Bank's warning on asset stripping

BANK of Scotland chose a high-powered European venture capital investors' forum in Switzerland to issue a warning to the private equity industry - under heavy fire over claims many operators are no more than asset strippers - that it is time to get its house in order.

Ian Shanks, the bank's director of fund investments, who controls 2bn of Euro-wide private equity business, was one of a small number of Scots at the Geneva event along with Ross Marshall, chief executive of Dunedin Capital Partners, a mid-market equity finance specialist concentrating on 10m to 75m buyout deals.

Among others represented were Apax Partners and Kohlberg Kravis Roberts, the US outfit that has made a 9.7bn preliminary approach for Alliance Boots. The offer was the talk of the coffee houses and bars surrounding the European Private Equity and Venture Capital Association (EVCA) Investors' Forum, which attracted 200 institutional and fund-of-funds participants from more than 30 countries.

The UK Treasury has threatened to review the sector's tax benefits and the levels of debt involved in deals. This comes on the back of a Select Committee inquiry examining claims of lack of accountability.

With all of this in mind, Shanks fired his warning. "Those involved need to be very careful about how they handle their public relations," he said.

"The M&A market is very successful, but the private equity profile generally has increased and it's now a case of being seen to be operating properly," added Shanks, who heads a team of 50 managers investing in 100 funds.

Marshall admitted the industry in which he works "has got a lot bigger" in recent years. But he remained relaxed about private equity wheeling and dealing and ongoing investigations into methods employed.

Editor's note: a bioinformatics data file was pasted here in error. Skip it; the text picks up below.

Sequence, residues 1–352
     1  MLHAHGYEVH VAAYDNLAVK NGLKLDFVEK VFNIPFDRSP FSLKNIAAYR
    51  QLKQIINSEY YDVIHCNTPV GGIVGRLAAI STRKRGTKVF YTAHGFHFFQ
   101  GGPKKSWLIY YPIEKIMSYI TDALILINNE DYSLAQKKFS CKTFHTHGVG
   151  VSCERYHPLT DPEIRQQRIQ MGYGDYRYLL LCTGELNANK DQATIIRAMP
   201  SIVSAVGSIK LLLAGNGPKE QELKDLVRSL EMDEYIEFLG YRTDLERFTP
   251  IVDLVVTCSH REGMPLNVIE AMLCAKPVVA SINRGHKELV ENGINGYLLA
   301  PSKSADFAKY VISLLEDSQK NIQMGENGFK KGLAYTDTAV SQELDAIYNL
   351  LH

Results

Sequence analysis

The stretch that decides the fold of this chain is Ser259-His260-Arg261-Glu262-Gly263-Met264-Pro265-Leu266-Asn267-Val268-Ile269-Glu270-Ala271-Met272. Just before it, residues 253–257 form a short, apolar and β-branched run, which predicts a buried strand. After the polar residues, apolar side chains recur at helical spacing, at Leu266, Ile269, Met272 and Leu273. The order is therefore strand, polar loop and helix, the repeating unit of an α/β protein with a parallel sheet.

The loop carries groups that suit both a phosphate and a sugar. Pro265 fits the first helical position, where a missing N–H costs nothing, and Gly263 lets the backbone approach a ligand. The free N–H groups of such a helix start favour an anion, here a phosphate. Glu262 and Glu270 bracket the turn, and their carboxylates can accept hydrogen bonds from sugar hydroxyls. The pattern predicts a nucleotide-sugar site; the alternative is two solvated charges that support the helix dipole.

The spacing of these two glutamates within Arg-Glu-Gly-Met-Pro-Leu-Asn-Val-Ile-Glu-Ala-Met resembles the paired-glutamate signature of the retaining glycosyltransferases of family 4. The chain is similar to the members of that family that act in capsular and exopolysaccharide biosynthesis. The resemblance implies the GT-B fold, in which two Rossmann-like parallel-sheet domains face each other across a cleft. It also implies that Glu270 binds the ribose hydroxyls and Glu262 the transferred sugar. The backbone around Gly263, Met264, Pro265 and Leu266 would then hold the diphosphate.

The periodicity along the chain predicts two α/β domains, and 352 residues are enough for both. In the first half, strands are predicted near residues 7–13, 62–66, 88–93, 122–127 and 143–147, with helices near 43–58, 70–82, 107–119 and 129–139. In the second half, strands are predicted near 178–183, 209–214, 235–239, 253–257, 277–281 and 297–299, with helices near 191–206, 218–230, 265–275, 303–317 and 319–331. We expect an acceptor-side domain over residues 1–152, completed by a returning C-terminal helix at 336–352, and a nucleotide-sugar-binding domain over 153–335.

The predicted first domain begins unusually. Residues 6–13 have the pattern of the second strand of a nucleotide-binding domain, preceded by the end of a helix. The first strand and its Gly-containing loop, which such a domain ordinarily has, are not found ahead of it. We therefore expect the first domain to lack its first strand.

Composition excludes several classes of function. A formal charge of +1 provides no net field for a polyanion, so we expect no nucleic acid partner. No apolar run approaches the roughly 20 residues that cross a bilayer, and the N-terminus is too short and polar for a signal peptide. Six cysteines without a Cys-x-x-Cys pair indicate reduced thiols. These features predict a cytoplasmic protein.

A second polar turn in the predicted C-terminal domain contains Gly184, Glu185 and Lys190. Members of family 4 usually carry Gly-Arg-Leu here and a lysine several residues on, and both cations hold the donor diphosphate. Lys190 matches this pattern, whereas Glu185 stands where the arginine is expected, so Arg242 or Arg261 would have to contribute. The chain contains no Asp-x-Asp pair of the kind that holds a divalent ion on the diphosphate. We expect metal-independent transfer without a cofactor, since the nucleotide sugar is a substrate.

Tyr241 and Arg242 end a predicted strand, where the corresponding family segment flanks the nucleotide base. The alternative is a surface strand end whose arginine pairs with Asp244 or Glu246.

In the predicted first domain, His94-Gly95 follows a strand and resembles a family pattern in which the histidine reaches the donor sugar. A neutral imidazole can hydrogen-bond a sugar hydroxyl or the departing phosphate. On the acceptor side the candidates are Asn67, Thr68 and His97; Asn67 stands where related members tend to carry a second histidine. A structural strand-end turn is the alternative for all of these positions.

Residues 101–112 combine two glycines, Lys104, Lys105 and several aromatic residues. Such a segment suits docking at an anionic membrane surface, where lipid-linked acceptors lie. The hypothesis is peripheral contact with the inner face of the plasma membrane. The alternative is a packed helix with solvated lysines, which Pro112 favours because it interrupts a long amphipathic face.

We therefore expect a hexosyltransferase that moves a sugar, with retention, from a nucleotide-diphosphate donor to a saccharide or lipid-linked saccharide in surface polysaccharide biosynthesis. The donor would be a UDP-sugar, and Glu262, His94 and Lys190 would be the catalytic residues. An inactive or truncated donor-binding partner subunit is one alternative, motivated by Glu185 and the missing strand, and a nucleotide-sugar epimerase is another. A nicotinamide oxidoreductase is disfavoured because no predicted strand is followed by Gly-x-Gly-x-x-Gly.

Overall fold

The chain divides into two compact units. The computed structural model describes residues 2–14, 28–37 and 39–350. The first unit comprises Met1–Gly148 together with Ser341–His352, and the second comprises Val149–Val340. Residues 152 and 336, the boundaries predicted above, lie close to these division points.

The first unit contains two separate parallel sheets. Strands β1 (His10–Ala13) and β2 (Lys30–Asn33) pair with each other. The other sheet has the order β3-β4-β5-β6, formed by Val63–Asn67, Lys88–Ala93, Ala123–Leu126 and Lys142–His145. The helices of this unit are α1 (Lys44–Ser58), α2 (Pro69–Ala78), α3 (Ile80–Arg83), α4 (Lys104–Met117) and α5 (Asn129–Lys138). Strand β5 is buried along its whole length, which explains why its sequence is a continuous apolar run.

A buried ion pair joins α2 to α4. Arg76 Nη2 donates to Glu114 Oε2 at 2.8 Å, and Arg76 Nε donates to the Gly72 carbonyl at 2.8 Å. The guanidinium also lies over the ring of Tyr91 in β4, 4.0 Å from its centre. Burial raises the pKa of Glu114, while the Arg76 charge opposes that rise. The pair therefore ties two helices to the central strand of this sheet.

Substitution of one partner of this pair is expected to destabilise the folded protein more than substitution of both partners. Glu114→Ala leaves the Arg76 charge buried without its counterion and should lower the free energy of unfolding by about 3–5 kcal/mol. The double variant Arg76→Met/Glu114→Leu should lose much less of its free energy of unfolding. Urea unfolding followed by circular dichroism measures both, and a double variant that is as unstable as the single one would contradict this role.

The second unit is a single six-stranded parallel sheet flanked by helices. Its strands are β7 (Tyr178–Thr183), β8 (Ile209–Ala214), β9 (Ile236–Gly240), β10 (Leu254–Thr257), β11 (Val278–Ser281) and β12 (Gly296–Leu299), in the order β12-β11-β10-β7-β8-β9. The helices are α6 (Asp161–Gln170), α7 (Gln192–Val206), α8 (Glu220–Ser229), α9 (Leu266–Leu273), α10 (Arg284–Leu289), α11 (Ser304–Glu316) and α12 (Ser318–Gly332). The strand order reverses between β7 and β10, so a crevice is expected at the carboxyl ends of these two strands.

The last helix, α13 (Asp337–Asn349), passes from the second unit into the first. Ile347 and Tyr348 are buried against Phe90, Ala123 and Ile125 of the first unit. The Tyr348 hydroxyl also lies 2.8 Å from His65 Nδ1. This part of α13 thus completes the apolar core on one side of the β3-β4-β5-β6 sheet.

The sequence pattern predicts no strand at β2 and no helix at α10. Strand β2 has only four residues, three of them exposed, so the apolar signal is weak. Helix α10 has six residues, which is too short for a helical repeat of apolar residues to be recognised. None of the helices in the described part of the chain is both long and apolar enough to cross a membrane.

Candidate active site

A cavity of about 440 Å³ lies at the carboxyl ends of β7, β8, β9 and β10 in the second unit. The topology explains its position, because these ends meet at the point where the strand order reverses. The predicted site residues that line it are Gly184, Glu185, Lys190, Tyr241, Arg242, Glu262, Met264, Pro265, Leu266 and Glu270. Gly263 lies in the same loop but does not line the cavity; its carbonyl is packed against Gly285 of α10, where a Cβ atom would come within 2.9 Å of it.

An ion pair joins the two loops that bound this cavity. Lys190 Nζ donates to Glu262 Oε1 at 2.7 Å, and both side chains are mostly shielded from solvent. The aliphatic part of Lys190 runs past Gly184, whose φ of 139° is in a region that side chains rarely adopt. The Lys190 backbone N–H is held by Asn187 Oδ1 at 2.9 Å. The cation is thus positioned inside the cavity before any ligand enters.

"I think we need a bit of perspective, as there is a lot of ill-informed talk that all we do is buy a business, get it laden with debt and then asset strip before moving on.

"Yes, of course we use debt. But we actually try to improve a business, make it more profitable and grow it, and then sell it on at a higher price down the line. There wouldn't be any point otherwise."

Neil Sneddon, director of private equity funds for F&C Investments out of Edinburgh, said it was important for dealings to be transparent. "If you are not open it fuels the debate and people might then assume you are doing something that you should not be doing, which is not the case.

"At the end of the day we are making good returns for investors, often pension funds, some of which are local authorities, and involving a private equity market which, whilst still relatively immature, is fast becoming institutionalised."

Trade unions have labelled private equity executives no more than "casino capitalists", with numerous merger and acquisition investments involving operators having a free hand to indulge in questionable practices.

They also accuse them of bringing no long-term benefit to the companies they gobble up before selling on parts or all of a business for the highest possible return, with job losses as the outcome.

Marshall rebuffed this as he pointed to independently owned Dunedin's four largest investments, which he claims have collectively led to a 100% increase in employee numbers.

Yet doubts persist, and a Financial Services Authority discussion paper into the industry and possible regulatory risk has tasked a working group, under Sir David Walker, to tackle better disclosure into such private equity dealings, especially as most of the private equity cash comes from institutional investors such as pension funds, endowments, insurance companies and wealthy individuals who make direct investments.

Traditionally, private equity funds buy companies only partially with their own money, raising the balance as debt finance through the banks.

As global stock markets try to hold their nerve and recover from the worst falls since the September 11 terror attacks, it has even been suggested the private equity industry is mounting a serious challenge to the dominance of the quoted companies arena.

Kohlberg Kravis Roberts is a case in point. Its move on Alliance Boots followed a recent approach on J Sainsbury. Since its creation 30 years ago, KKR has completed 145 deals with a total value of 142bn. Its most famous scalp was RJR Nabisco, the American food and tobacco giant, for 12.5bn, at the time the world's largest leveraged buyout.

The overwhelming message from speakers at the EVCA Geneva forum was that the private equity industry has just had a vintage year. Records have been smashed in almost all areas and sectors of the industry.

A survey by Thomson Financial and PricewaterhouseCoopers, released during the event and outlining preliminary figures for European private equity performance and activity during 2006, showed "continued strong, consistent returns in terms of encouraging investors into funds and leveraged debt markets".